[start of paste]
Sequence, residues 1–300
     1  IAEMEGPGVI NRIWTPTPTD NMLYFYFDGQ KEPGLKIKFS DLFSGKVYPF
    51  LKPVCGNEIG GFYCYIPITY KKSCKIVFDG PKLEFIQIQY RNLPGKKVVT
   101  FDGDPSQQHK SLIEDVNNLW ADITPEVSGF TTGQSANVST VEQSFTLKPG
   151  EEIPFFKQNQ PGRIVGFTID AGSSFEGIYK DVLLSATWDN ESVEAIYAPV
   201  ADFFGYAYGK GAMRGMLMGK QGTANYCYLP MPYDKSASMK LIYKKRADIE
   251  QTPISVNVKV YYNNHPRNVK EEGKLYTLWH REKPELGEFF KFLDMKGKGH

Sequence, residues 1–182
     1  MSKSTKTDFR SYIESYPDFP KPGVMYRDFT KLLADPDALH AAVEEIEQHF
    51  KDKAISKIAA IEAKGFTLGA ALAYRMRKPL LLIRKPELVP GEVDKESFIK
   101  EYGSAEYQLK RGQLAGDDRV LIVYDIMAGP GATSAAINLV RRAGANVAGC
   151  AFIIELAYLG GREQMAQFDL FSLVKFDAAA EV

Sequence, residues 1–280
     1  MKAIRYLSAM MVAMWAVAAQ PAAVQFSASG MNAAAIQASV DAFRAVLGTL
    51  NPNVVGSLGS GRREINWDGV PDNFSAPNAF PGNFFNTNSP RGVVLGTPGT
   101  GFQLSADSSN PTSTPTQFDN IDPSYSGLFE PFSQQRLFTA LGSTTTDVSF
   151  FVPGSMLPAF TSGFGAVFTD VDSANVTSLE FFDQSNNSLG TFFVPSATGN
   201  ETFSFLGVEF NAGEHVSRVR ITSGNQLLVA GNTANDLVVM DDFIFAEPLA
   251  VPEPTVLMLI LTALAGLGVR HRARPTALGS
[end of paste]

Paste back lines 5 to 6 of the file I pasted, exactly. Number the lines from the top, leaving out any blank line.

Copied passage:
   151  EEIPFFKQNQ PGRIVGFTID AGSSFEGIYK DVLLSATWDN ESVEAIYAPV
   201  ADFFGYAYGK GAMRGMLMGK QGTANYCYLP MPYDKSASMK LIYKKRADIE